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long distance grief

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MB has called a couple of times from his village in Morocco. He's incredibly busy - not only receiving everyone paying their respects, but also taking care of his father's affairs. He told me that many of the documents pertaining to his father's death and the family business require all the (male) children's signatures. He also has to trek into Ouarzazate and possibly Marrakech in order to change the return date on his plane ticket with Air France.

While I'm sad for Mohamed and his family, in a way it is just as well that I am not there. When Mohamed's mother passed away suddenly in October 2004, I was in Mali getting ready to move to Burkina Faso, and Mohamed was doing the same in Morocco. He was to arrive in Ouaga a couple of weeks after me. The secretary at Helen Keller International, where he was working, called me while I was closing my account at the bank in Bamako. Catholic Relief Services has a generous policy covering plane tickets and time off in case of death in the immediate family, so I flew to Morocco a couple of days later. Mohamed picked me up and we drove to his village.

The moment we arrived on the village outskirts, I put my headscarf on. It's just the way it is, as discomfiting as I find it. I don't speak Berber, and few members of Mohamed's family speak French, but somehow we managed. I was expected to stay with the women, in the courtyard, in the kitchen, or in one of the family rooms. Not in the big salon. I didn't mind so much since I spent most of my time reading or sleeping. Until one afternoon when a large contingent of NGO people came. They were people I'd worked with and traveled with when I lived in Morocco. All men. So they went directly to the salon. I didn't know they were there until Mohamed fetched me to meet them. Unfortunately it was at the end of their visit. I only had a few minutes of hurried greetings before they left.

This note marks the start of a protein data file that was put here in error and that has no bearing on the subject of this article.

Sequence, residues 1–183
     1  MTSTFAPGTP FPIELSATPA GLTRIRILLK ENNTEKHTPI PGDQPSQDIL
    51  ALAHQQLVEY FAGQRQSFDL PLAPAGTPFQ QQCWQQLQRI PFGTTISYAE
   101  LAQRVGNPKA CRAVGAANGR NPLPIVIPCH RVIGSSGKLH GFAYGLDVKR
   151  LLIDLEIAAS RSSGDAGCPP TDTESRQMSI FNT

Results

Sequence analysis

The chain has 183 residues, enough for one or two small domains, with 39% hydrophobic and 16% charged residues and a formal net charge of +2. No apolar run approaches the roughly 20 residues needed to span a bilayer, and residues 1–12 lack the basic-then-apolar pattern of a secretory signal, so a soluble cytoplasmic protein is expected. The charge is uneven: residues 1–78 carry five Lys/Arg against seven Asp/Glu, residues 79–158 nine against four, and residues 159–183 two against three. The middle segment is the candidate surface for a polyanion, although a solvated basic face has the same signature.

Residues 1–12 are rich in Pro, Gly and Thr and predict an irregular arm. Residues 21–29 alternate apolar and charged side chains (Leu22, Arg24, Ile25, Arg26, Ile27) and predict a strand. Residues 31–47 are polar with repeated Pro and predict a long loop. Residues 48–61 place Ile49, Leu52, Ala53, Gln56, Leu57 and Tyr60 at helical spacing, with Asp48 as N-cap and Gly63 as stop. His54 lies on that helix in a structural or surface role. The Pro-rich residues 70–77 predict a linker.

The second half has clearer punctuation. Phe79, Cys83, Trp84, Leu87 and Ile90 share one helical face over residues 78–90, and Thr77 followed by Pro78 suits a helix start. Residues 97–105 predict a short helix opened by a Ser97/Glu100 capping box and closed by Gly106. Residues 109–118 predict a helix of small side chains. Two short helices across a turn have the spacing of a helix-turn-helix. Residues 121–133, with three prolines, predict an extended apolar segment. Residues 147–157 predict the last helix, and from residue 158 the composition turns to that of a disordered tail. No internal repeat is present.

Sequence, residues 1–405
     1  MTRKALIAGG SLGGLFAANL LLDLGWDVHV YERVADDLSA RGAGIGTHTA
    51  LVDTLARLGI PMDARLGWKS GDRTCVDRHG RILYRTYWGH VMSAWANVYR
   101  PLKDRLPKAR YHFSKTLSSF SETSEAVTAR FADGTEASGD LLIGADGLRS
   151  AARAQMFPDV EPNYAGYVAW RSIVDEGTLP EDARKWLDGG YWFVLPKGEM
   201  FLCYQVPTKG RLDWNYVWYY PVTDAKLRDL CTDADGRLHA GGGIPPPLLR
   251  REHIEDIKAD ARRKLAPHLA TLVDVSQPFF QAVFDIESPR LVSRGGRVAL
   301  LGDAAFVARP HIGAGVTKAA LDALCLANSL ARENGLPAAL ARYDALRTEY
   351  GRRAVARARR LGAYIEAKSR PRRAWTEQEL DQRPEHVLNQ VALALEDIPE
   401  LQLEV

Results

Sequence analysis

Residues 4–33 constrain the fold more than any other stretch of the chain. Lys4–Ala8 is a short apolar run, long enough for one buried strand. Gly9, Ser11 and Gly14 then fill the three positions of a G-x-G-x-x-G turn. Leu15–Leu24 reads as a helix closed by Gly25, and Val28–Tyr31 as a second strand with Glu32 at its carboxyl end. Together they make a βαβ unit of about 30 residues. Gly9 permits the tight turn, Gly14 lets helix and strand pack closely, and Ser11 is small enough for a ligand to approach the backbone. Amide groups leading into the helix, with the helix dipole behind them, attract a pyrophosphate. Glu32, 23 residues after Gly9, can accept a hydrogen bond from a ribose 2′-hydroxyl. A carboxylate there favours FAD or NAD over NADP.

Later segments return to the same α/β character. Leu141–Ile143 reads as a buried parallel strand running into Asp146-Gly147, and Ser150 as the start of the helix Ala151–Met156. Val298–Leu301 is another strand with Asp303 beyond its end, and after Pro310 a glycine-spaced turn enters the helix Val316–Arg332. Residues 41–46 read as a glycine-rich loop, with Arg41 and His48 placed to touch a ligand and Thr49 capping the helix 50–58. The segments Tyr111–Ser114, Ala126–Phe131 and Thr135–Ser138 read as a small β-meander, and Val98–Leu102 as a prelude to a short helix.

I was upset. I told Mohamed why and he understood. Poor thing, it hadn't occurred to him that I would have liked to have spent more time with the one group of people I actually knew - and could communicate with.

Woman With Colorful Clothing in Berber Village
© David Samuel Robbins/Corbis
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